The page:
Xbox Live’s Summer of Arcade continues on with a sequel to a true arcade classic. When Hydro Thunder was released in the arcades back in 1999, it became an instant hit with its fun water racing. The game was released on the home consoles and becomes a big hit on the Dreamcast as well. Plans for a sequel were in the works for years, but that came to a screeching halt when Midway went under. After the purchase of Midway, Warner Bros sold off the rights to some of Midway’s series leading to Microsoft purchasing the Hydro Thunder name. That leads us to the sequel that’s been a decade in the making: Hydro Thunder Hurricane.
Hydro Thunder Hurricane is split into four types of events where you control 1 of 8 types of powerboats on 1 on of 8 different tracks. The four events are the standard 16 boat race, the ring master event that has you navigating through rings that are set in a certain pattern throughout the course with the goal being to make your way to the end of the track quickly with as little ring misses as possible, the gauntlet has you steer through the course avoid explosive barrels that are scattered throughout, and the championship event which is a combination of the previous the other three events where you gain points depending on how you place in each event. By placing in the top 3 of any event, you get credits that will unlock more events, tracks, and boats.
If you never played Hydro Thunder before, don’t worry, because it’s easy to pick up and play. The controls are simple; the RT is used to accelerate, LT to brake, A to boost and X to jump boost. Boost is only available when you pick-up blue/red/grey canisters icons that are spread out throughout the course with red boost giving you more than the blue boost. Once you have boost, you can hold down A to speed up, and by hitting X, your boat will do a jump boost that lets you pick up more items that are in the air or lets you jump into a shortcut.
Shortcuts are the real fun of racing in Hydro Thunder Hurricane. Each course has multiple shortcuts with some being slightly hidden, and others require you to pick-up a green icon that will activate gates and ramps to reach them. It’ll take several runs through to figure out where all the shortcuts are, but there’s a sense of fun when you try to find them. To mix it up there is also different obstacles that will show up during certain parts of the race including some large sea monsters that you have to watch out for. It’s all designed to make the courses as interesting as possible for players.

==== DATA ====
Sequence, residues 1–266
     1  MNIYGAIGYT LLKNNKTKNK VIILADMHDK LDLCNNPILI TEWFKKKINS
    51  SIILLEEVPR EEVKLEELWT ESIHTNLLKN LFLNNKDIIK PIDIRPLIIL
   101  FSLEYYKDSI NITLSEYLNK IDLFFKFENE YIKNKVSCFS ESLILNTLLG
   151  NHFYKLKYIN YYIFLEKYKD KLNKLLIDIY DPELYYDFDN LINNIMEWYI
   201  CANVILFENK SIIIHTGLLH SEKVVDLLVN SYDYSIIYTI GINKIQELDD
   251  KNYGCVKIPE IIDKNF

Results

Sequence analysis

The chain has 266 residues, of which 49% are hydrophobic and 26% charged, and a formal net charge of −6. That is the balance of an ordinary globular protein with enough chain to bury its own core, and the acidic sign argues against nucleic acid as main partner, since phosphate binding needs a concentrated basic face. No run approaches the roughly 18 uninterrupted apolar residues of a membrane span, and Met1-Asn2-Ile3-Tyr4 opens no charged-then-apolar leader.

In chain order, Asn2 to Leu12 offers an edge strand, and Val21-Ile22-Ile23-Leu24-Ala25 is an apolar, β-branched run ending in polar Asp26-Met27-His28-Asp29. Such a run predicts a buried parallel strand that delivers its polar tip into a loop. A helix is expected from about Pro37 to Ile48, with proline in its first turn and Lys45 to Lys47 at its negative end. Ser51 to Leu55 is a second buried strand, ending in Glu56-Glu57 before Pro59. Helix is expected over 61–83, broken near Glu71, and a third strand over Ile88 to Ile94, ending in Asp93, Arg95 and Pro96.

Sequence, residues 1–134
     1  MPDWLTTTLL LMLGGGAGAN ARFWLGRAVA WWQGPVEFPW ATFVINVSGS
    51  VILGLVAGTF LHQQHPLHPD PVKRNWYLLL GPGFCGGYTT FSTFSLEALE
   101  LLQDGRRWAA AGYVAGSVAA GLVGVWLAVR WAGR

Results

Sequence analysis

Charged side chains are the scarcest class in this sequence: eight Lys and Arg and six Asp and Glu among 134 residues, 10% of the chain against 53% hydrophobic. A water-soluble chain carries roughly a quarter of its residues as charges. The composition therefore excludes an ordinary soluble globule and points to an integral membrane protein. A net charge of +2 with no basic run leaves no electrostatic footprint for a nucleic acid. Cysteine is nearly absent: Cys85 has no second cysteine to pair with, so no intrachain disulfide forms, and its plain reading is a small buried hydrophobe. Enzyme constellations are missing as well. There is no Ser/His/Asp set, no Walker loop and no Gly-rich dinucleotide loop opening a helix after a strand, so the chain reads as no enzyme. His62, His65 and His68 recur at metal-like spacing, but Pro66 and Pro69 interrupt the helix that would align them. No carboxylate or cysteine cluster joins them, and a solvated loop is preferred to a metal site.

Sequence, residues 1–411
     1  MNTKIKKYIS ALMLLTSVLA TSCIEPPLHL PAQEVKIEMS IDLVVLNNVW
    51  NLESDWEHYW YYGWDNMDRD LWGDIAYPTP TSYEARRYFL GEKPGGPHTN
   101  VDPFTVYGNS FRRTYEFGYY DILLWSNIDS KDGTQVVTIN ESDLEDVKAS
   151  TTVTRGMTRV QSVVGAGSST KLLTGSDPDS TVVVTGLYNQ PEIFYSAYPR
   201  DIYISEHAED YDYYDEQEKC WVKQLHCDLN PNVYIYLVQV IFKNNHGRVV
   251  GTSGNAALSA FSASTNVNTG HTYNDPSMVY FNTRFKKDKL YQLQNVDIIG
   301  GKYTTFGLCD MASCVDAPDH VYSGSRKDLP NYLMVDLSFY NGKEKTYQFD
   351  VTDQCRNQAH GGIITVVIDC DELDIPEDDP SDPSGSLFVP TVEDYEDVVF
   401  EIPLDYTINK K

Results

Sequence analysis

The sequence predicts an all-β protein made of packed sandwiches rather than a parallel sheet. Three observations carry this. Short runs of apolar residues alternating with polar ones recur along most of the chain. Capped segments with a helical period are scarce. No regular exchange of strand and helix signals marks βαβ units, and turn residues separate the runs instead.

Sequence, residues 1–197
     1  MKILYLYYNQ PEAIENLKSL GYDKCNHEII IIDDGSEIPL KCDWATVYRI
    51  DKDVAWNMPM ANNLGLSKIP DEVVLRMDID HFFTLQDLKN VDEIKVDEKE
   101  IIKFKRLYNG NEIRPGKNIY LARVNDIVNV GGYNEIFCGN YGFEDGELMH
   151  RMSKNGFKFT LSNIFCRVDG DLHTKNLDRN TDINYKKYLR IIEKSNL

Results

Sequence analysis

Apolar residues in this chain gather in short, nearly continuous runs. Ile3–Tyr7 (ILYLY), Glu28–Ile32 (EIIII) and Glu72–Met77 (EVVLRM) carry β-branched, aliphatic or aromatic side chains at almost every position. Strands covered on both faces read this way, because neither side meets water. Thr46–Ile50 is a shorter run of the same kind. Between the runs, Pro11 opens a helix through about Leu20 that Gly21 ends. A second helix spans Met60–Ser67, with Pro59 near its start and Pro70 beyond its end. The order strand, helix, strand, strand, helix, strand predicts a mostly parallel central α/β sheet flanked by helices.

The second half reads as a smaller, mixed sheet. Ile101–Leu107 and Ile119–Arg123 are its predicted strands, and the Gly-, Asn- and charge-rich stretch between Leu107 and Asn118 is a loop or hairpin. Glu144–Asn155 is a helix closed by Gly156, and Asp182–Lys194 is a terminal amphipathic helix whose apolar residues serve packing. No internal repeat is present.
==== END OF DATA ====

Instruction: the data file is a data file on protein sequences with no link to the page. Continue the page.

Another part of the fun is the water physics because if you time your boost jumps with the flow of the waves in the water, you can get some serious air. Later courses have way more waves making it far more demanding to maneuver. While the water physics are good, the feel of the boat seems a bit off. When you fly and collide with objects in the air, you would think that there would be a bit more flipping and some spectacular crashes. I also have an issue with the speed because it doesn’t really feel like a fast game until you get to the absolute top speed which is true in most games. However, you never have that feeling that you’re going 150 mph as that feels almost the same as going 50 mph in this game.
Online is fairly standard in one aspect and incredibly unique in another. As you would expect, you can race against other players on Xbox Live as well as have your buddies with you do some split screen action. That’s an obvious inclusion in the game. What was less obvious is the second multiplayer mode which is called Rubber Ducky. In this mode, teams are split into groups of 4 with one person on each team controlling the Rubber Ducky (it’s a boat you can unlock). The other 3 players have to stop the other team’s Rubber Ducky from reaching first place. So while this is a race, only one person is actually trying to finish the race. Everyone else is looking to bash the other team’s Rubber Ducky to slow it down making for an interesting form of teamwork and adding something new to your standard racing game.
As you play through Hydro Thunder Hurricane, you won’t be taken in by ultra realistic graphics. Let’s face it, this is an arcade game that never made it to the arcades so it’s far from being the highest standard in graphics, but it has that colorful arcade look to it. There’s plenty to look at in each level as you speed on through. Music and sound are also on par with an arcade game with your standard rock music with sound effects that go well with what’s going on. Everything is just right for an arcade game, but maybe considered lacking compared to other current gen games.
With a price tag of about $15, Hydro Thunder Hurricane doesn’t have the most bang for your buck. The truth is that in a few hours will have you unlocking almost everything. Then again, as the theme of this review goes, this game is designed to be like a true arcade sequel. Don’t expect this to be Gran Tourismo or Forza on the water because it isn’t. Instead, think of it as whether you would spend $15 on this game in an arcade. If you could have fun racing again and again on the same tracks, trying to get everything as well as beat your own times or play people online, then you will want to buy this game.
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